6.3/10
57,907
141 user 87 critic

Dorian Gray (2009)

Trailer
1:31 | Trailer

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A corrupt young man somehow keeps his youthful beauty eternally, but a special painting gradually reveals his inner ugliness to all.

Director:

Oliver Parker

Writers:

Toby Finlay, Oscar Wilde (novel)
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Popularity
4,514 ( 114)
1 nomination. See more awards »

Videos

Photos

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Cast

Cast overview, first billed only:
Ben Barnes ... Dorian Gray
John Hollingworth ... Patrol Policeman
Cato Sandford Cato Sandford ... Rent Boy
Pip Torrens ... Victor
Fiona Shaw ... Agatha
Ben Chaplin ... Basil Hallward
Caroline Goodall ... Lady Radley
Maryam d'Abo ... Gladys
Michael Culkin ... Lord Radley
Colin Firth ... Lord Henry Wotton
Emilia Fox ... Lady Victoria Wotton
Nathan Rosen Nathan Rosen ... Young Dorian
Jeff Lipman ... Lord Kelso (as Jeffrey Lipman Snr)
Louise Kempton Louise Kempton ... Prostitute
Douglas Henshall ... Alan Campbell
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Storyline

A naïve young man. A lovelorn artist. A corruptible Lord. A deal with the Devil. It all paints a dark picture of a Victorian London and how the rich and infamous party at their peril. Here, the telling of time and its consequence of experience for life's treasures' takes its toll on the body, mind and soul. The haunting and bleak tale of power, greed, vanity and inevitable self-destruction is ever present amongst the deceit, opium dens and sin. Written by Cinema_Fan

Plot Summary | Plot Synopsis

Taglines:

Forever Young. Forever Cursed. See more »


Motion Picture Rating (MPAA)

Rated R for sexual content including nudity, violence and some drug use | See all certifications »

Parents Guide:

View content advisory »
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Details

Country:

UK

Language:

English

Release Date:

9 September 2009 (UK) See more »

Also Known As:

El retrato de Dorian Gray See more »

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Box Office

Opening Weekend:

£883,148 (United Kingdom), 13 September 2009, Limited Release

Cumulative Worldwide Gross:

$20,563,362, 22 August 2010
See more on IMDbPro »

Company Credits

Show more on IMDbPro »

Technical Specs

Runtime:

Sound Mix:

Dolby Digital

Color:

Color

Aspect Ratio:

1.85 : 1
See full technical specs »
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Did You Know?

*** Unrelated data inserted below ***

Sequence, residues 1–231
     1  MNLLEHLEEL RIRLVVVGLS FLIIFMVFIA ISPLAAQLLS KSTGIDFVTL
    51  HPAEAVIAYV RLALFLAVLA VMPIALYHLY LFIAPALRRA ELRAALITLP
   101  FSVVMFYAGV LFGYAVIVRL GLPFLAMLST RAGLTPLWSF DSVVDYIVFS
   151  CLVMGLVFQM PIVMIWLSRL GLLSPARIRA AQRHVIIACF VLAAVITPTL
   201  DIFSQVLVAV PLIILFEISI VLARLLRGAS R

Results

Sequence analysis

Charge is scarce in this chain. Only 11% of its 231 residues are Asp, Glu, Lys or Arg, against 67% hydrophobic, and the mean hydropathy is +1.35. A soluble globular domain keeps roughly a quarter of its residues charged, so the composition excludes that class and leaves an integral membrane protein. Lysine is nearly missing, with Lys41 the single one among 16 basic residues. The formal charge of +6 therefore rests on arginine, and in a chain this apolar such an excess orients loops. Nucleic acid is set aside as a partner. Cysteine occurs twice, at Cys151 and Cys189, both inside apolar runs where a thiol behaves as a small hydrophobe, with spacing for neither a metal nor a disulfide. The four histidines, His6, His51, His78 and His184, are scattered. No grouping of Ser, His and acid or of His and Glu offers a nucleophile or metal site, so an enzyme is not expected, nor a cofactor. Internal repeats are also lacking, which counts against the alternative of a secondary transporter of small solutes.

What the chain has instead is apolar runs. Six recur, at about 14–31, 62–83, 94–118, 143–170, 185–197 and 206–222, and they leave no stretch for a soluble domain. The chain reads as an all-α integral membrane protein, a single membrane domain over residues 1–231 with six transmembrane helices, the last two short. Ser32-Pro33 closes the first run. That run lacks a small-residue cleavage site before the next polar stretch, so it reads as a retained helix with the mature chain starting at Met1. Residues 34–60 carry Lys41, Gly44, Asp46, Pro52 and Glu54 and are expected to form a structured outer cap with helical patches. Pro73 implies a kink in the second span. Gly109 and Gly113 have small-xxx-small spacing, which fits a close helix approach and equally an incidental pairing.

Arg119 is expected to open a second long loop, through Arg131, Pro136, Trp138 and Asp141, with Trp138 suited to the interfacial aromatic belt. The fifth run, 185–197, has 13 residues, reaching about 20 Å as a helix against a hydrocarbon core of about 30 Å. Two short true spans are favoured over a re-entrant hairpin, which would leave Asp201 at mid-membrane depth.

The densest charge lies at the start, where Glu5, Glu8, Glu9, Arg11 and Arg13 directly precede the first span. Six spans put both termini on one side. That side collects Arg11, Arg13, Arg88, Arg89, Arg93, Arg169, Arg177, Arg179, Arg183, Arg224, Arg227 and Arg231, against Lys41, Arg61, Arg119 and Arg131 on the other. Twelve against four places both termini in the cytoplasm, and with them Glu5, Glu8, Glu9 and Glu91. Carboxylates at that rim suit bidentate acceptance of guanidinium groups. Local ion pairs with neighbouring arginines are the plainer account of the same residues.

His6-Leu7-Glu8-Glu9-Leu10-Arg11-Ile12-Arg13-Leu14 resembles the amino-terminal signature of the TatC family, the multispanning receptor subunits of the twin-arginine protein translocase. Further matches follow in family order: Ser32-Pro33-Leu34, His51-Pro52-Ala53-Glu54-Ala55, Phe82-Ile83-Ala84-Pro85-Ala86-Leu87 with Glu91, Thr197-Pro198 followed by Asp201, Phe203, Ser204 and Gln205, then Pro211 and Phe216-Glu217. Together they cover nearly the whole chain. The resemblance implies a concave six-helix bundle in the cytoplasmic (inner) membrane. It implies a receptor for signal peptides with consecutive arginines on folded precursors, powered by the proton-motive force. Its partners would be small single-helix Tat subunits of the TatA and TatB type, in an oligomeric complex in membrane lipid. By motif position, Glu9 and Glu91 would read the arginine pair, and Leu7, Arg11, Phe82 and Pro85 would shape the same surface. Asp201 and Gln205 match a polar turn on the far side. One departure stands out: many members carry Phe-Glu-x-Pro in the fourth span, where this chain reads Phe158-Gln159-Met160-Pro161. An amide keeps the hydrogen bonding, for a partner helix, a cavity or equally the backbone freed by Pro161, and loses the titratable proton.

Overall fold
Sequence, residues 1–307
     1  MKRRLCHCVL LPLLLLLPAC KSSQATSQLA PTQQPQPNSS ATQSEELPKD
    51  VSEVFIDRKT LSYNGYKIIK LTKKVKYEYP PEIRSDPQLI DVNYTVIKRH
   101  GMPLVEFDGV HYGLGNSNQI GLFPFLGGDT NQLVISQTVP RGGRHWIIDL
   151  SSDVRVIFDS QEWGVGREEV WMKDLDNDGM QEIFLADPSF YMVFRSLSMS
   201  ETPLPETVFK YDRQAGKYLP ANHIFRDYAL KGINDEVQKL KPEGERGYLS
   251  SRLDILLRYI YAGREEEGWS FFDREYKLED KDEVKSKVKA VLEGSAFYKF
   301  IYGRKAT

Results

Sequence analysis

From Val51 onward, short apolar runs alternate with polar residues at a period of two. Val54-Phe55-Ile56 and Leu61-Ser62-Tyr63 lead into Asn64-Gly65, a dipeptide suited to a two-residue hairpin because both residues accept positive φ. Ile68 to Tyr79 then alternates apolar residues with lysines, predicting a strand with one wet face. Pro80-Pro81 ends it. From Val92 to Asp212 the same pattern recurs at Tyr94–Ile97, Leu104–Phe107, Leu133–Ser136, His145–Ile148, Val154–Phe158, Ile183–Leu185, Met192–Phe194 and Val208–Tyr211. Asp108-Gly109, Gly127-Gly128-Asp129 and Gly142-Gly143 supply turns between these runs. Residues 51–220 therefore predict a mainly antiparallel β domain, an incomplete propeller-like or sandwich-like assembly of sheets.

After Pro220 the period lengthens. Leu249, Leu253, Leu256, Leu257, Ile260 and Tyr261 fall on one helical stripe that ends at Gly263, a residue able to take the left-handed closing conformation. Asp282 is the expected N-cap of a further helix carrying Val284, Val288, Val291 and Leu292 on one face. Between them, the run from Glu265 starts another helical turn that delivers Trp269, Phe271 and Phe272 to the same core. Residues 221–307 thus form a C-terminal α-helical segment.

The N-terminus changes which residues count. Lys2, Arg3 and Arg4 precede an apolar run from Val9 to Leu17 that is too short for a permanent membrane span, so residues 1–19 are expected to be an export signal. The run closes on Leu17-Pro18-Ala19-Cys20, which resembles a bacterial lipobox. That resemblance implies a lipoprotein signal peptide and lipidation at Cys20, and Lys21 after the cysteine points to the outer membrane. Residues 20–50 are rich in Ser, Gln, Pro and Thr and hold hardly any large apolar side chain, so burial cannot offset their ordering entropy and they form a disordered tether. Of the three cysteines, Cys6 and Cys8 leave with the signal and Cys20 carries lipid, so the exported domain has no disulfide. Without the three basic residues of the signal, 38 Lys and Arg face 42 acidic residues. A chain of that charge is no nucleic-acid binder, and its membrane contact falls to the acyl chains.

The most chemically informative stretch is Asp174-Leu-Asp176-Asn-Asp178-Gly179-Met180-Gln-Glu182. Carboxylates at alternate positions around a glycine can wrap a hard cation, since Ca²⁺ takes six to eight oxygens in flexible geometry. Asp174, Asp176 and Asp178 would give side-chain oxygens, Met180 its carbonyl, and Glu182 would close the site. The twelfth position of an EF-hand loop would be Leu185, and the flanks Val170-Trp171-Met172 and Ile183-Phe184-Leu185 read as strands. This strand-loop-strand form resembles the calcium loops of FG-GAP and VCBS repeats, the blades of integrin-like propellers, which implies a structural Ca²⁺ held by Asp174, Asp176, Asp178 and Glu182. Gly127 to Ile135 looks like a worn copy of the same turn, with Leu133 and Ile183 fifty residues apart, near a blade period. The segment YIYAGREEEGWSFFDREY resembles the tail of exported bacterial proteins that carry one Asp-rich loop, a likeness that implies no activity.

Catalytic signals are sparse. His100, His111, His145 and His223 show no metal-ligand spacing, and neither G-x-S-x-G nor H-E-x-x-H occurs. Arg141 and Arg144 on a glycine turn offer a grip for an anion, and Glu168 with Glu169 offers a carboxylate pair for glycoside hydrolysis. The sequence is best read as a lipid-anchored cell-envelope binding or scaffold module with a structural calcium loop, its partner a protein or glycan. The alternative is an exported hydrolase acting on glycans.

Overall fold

Trivia

The original Dorian Gray has blond hair. See more »

Goofs

In the opening shot, horse drawn carriages travel along a London street. The film is set in the 1890s but the road is smoothly tarmacked, a surface treatment invented in 1902 and only commercialised some years later. See more »

Quotes

Dorian Gray: [trying to decline women and drink at a brothel] Well, perhaps I have a stronger conscience.
Lord Henry Wotton: [dismissively] 'Conscience.' It's just a polite word for 'cowardice.' No civilized man regrets a pleasure.
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Crazy Credits

In the closing credits, one of the pieces of music played is listed as Haydn's "Sting Quartet" Op 76 No 4. See more »

Alternate Versions

During post-production, the film was tailored for a '15' certificate in the UK. According to the BBFC, the filmmaker cuts were as follows:
  • A scene in which a tea party is inter-cut with shots showing Dorian's sadomasochistic excesses was toned down to remove or reduce the more explicit moments (explicit sight of a fingernail being pulled off, explicit sight of a chest being cut with a razor in a sexual context, explicit sight of blood being sucked from a woman's breasts and sight of a restrained man being beaten).
  • Additionally, a murder scene was toned down to remove the sense of dwelling on the infliction of pain and injury (reduction in the number of stabbings, removal of a blood spurt from man's neck, reduction in sight of victim choking on his blood).
The subsequent version was then formally passed '15' by the BBFC without cuts, and released on DVD and Blu-ray. See more »

Connections

Version of The Sins of Dorian Gray (1983) See more »

Soundtracks

St. Louis Rag
Written by Tom Turpin
Performed by Huw Watkins
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Frequently Asked Questions

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User Reviews

 
Thoroughly enjoyable
15 September 2009 | by kester_gillardSee all my reviews

I've been puzzled by the negative reviews i've seen for this as i really enjoyed it. It looks superb, with some excellent atmospheric Victorian locations. Ben Barnes is perfect as Dorian, good looking but not bland & still sympathetic throughout the film. The character of Emily which has been invented for the film works very well, and Colin Firth is magnificent in his pivotal role. Dorians gradual deprivation is well shown without heading off into exploitation and he is given real depth. His tragedy is very obvious.I must admit to not having read the original book as yet, but I do intend to now. I really enjoyed it but for its full benefit I recommend seeing it at the cinema.


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